Natalie Cole, the American singer who overcame battles with substance abuse and the long shadow of her famous father to earn worldwide success of her own, has died. She was 65.
Cole died Thursday night at Cedar Sinai Hospital in Los AngeNatalie Cole dead at 65
Chart-topping R&B singer Natalie Cole, who followed her legendary father into the music business with hits like “This Will Be (An Everlasting Love)” and “Unforgettable,” died at age 65.
“Natalie Cole, sister beloved & of substance and sound. May her soul rest in peace,” tweeted the Rev. Jesse Jackson on New Year’s Day.
Cole, who had struggled with a variety of health issues in recent years, died Thursday night, according to publicist Maureen O’Connor. The cause of death was reportedly congestive heart failure.
A physically weakened Cole, winner of nine Grammy Awards, was forced to cancel a string of concert performances over the last three months after a recurrence of hepatitis C linked to her earlier drug abuse.
The daughter of music icon Nat (King) Cole scored a huge 1991 hit with “Unforgettable” — a virtual duet with her late father. Natalie was just 15 when her father died in 1965, a decade before his daughter launched her own solo recording career.
Natalie Cole dead at 65: Look back at the singer’s impressive career and famous friendsView gallery
The album “Unforgettable … With Love” spent five weeks at No. 1 on the pop charts, sold more than 14 million copies worldwide and won six Grammy Awards.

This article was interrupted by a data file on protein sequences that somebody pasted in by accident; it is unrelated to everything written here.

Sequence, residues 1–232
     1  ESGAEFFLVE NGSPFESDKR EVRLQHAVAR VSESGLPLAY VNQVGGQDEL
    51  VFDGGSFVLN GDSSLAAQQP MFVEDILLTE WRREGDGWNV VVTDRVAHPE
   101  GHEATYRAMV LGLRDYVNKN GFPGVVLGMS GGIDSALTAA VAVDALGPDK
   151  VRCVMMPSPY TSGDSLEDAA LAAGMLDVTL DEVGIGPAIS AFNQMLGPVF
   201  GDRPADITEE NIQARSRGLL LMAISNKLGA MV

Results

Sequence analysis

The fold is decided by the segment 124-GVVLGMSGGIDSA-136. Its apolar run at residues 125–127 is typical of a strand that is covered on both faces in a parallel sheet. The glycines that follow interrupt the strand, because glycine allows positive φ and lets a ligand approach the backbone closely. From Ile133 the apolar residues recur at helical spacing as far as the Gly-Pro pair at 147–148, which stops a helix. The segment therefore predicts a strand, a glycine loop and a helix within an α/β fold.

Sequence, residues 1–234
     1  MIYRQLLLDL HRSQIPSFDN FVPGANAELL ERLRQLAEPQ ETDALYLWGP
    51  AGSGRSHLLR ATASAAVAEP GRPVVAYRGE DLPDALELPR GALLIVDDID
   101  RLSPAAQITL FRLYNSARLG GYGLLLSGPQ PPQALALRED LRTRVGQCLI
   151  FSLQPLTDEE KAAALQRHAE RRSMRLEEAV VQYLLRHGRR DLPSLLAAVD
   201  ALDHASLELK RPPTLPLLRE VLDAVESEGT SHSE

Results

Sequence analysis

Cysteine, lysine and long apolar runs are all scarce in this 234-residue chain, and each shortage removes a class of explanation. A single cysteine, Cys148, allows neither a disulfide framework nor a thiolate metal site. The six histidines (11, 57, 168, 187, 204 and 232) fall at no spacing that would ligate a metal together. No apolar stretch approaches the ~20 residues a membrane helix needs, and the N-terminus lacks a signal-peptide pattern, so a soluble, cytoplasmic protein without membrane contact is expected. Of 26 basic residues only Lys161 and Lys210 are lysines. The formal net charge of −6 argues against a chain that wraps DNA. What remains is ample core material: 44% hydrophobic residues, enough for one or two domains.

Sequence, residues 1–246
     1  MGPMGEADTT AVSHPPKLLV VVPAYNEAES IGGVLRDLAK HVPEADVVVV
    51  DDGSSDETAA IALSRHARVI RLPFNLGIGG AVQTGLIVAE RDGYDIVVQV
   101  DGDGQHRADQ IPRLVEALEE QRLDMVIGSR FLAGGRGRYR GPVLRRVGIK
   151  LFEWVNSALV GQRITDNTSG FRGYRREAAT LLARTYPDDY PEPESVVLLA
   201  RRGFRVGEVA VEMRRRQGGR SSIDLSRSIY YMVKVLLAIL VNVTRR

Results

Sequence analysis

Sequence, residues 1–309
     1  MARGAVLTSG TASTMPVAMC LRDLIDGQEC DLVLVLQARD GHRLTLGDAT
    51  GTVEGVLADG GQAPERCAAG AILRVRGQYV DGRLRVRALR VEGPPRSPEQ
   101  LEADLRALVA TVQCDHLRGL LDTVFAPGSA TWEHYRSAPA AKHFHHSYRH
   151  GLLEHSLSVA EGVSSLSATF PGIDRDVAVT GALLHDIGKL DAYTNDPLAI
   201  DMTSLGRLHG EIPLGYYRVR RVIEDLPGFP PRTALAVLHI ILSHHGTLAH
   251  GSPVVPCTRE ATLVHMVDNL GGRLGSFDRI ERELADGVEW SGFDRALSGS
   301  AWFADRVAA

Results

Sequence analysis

But her career exploded with her 1975 debut album that included the massive hit single “This Will Be (An Everlasting Love)” and a pair of Grammys for Best New Artist and Best Female R&B Performance.
Cole initially struggled with success, battling a devastating cocaine addiction until her manager sent her “kicking and screaming” to drug rehab in 1983, the singer recalled.
She had previously experimented with drugs like LSD and heroin, but it was cocaine that sent her into a spiral as her career and marriage faltered. A first trip to rehab failed, but the second one took — and she remained sober for the remainder of her life.
Nat “King” Cole and daughter Natalie Cole pose for a portrait session in 1955.
Her career was soon back on track with her hit cover of Bruce Springsteen’s “Pink Cadillac,” along with the singles “Jump Start My Heart” and “I Live for Your Love.”
Cole, who received a star on the Hollywood Walk of Fame, wrote a pair of memoirs and starred in a 2001 made-for-TV movie “Livin’ For Love: The Natalie Cole Story.”
In 2009, she received a kidney from an anonymous donor after hepatitis C forced her into dialysis. Cole became a spokesperson for the University Kidney Research Organization, a group dedicated to eradicating kidney disease.
She appeared in June 2014 at the Apollo Theater’s 80th birthday celebration.
(NY Daily News)